Consolidated Aircraft

The Consolidated Aircraft Corporation was founded in 1923 by Reuben H. Fleet in Buffalo, New York, the result of the Gallaudet Aircraft Company's liquidation and Fleet's purchase of designs from the Dayton-Wright Company as the subsidiary was being closed by its parent corporation, General Motors.[2] Consolidated became famous, during the 1920s and 1930s, for its line of flying boats. The most successful of the Consolidated patrol boats was the PBY Catalina, which was produced throughout World War II and used extensively by the Allies. Equally famous was the B-24 Liberator, a heavy bomber which, like the Catalina, saw action in both the Pacific and European theaters.

In 1943, Consolidated merged with Vultee Aircraft to form Consolidated-Vultee Aircraft, later known as Convair.

Consolidated Aircraft
Public company
PredecessorGallaudet Aircraft Company, Dayton-Wright Company
SuccessorVultee Aircraft, Convair, General Dynamics, McDonnell Douglas
FoundedBuffalo, New York, United States, 1923
FounderReuben H. Fleet
Defunct1996
Headquarters,
U.S.
Area served
Worldwide
Key people
Reuben H. Fleet
ProductsAircraft

History

Consolidated Aircraft (and later Convair) had their headquarters in San Diego, California, on the border of Lindbergh Field (KSAN).

Consolidated's first design was one of those purchased by Fleet from Dayton-Wright, the TW-3 primary trainer, sold to the U.S. Army as the PT-1 Trusty. In September 1924 the company moved from the Gallaudet plant in Connecticut to new facilities in Buffalo, New York, and in the same year won a U.S. Navy contract for a naval version of the PT-1 designated the NY-1.[2]

In September 1935 Consolidated moved across the country to its new "Building 1", a 247,000-square-foot (22,900 m2) continuous flow factory in San Diego, California. The first production PBY Catalina was launched in San Diego Bay in 1936,[3] and the first XPB2Y-1 Coronado test aircraft made its first flight in 1937.[4] Consolidated vice president Edgar Gott was responsible for securing the company's contract to design and build the B-24 Liberator bomber.[5] The XB-24 Liberator prototype made its first flight in December 1939, and the first production order was from the French in 1940, just days before their surrender to Germany; six of these YB-24 Liberators were designated LB-30A and ferried to Britain.[6] By the fall of 1941, Consolidated was San Diego's largest employer with 25,000 employees, which eventually expanded to 45,000 by the following year.[7][8]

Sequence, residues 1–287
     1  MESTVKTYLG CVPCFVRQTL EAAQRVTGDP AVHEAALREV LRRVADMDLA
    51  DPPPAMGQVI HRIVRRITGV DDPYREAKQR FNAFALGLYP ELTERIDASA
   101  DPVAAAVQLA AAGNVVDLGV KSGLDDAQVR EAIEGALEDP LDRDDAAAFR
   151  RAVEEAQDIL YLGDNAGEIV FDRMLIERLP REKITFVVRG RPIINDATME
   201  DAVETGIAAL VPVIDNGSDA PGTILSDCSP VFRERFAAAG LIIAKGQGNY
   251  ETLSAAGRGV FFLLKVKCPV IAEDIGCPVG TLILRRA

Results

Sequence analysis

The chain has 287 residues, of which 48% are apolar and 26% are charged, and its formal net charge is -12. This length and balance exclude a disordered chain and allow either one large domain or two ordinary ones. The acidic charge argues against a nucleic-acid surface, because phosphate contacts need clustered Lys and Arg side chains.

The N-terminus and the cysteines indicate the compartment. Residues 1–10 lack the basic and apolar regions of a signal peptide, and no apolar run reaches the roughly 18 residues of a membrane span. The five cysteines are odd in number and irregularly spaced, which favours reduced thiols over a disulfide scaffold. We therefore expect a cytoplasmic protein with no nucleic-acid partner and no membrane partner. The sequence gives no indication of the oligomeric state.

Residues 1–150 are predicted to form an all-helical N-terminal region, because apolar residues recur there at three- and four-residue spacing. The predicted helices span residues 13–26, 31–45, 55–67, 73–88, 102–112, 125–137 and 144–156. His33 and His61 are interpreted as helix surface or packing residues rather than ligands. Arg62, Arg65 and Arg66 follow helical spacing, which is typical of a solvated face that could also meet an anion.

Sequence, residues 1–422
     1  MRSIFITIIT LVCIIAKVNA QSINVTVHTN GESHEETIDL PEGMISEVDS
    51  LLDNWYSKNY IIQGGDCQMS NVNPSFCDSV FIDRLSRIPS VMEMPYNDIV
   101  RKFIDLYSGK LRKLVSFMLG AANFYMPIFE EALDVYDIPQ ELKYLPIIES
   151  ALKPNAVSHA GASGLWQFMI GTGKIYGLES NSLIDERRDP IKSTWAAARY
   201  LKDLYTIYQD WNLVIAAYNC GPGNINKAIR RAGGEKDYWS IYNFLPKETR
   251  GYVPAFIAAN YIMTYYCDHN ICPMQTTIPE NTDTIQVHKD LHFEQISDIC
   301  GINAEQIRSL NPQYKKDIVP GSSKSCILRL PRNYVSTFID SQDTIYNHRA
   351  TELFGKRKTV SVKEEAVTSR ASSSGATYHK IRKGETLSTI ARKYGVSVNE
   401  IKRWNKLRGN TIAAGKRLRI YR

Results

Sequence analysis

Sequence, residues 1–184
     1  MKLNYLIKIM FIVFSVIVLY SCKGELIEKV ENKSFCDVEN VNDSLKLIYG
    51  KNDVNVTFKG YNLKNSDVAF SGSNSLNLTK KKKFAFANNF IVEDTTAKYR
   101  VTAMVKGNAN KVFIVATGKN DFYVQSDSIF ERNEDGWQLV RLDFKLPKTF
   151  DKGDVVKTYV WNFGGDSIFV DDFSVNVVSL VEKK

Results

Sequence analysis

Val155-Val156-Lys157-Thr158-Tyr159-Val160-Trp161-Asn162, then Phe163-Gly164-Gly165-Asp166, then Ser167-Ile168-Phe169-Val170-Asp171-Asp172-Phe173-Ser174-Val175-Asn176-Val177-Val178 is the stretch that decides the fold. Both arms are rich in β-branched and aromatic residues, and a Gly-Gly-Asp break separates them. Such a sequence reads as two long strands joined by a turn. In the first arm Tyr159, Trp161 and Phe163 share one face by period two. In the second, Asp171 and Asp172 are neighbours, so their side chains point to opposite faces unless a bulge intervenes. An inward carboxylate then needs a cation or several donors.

ConsolidatedWomenWorkers
Assembling a wing section, Fort Worth, Texas, October 1942

In November 1941, Fleet sold his 34.26% interest in Consolidated for $10.9 million to Victor Emanuel, the president of AVCO, with the idea that Consolidated would be merged with AVCO's Vultee subsidiary.[6]

In 1943, Consolidated merged with Vultee Aircraft to form Consolidated-Vultee Aircraft or Convair.

In March 1953, General Dynamics purchased a majority interest in Convair, where it continued to produce aircraft or aircraft components until being sold to McDonnell Douglas in 1994. McDonnell Douglas shut down the division after just two years of operations in 1996.

Aircraft

(dates are of first flights)

References

Citations

  1. ^ The Boeing Company 2015 Form 10-K Annual Report. sec.gov
  2. ^ a b Yenne 2009, p. 15.
  3. ^ Yenne 2009, p. 16.
  4. ^ Yenne 2009, p. 17.
  5. ^ Boone, Andrew R., "The Liberator", Popular Science. May 1943. p. 90.
  6. ^ a b Yenne 2009, p. 18.
  7. ^ Linder, Bruce (2001). San Diego's Navy. Annapolis, Maryland: Naval Institute Press. p. 122. ISBN 1-55750-531-4.
  8. ^ Herman, Arthur. Freedom's Forge: How American Business Produced Victory in World War II, pp. 219–34, 242–3, Random House, New York, NY. ISBN 978-1-4000-6964-4.
  9. ^ KensAviation.com. Consolidated PT-1 Trusty Archived 2006-03-27 at the Wayback Machine Retrieved: 25 September 2010
  10. ^ U.S. Centennial of Flight Commission. Consolidated NY trainer Archived 2006-08-26 at the Wayback Machine Retrieved: 25 September 2010
  11. ^ U.S. Centennial of Flight Commission. Consolidated Vultee Aircraft Corporation Archived June 6, 2011, at the Wayback Machine Retrieved: 25 September 2010
  12. ^ DavesWarbirds.com. Consolidated P2Y Retrieved: 25 September 2010
  13. ^ DavesWarbirds.com. Consolidated XP4Y-1 Retrieved: 25 September 2010